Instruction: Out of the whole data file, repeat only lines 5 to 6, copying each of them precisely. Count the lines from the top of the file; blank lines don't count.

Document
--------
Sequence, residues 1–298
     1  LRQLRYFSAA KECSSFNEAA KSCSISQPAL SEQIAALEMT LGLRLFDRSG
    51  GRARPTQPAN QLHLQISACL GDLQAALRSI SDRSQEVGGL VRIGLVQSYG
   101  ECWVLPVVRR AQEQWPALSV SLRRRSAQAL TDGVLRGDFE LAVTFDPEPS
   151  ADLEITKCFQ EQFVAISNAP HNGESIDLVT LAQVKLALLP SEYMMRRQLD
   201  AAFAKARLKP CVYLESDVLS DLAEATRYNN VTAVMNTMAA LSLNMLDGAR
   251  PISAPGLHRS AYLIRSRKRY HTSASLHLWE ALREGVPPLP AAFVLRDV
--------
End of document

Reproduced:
   151  ADLEITKCFQ EQFVAISNAP HNGESIDLVT LAQVKLALLP SEYMMRRQLD
   201  AAFAKARLKP CVYLESDVLS DLAEATRYNN VTAVMNTMAA LSLNMLDGAR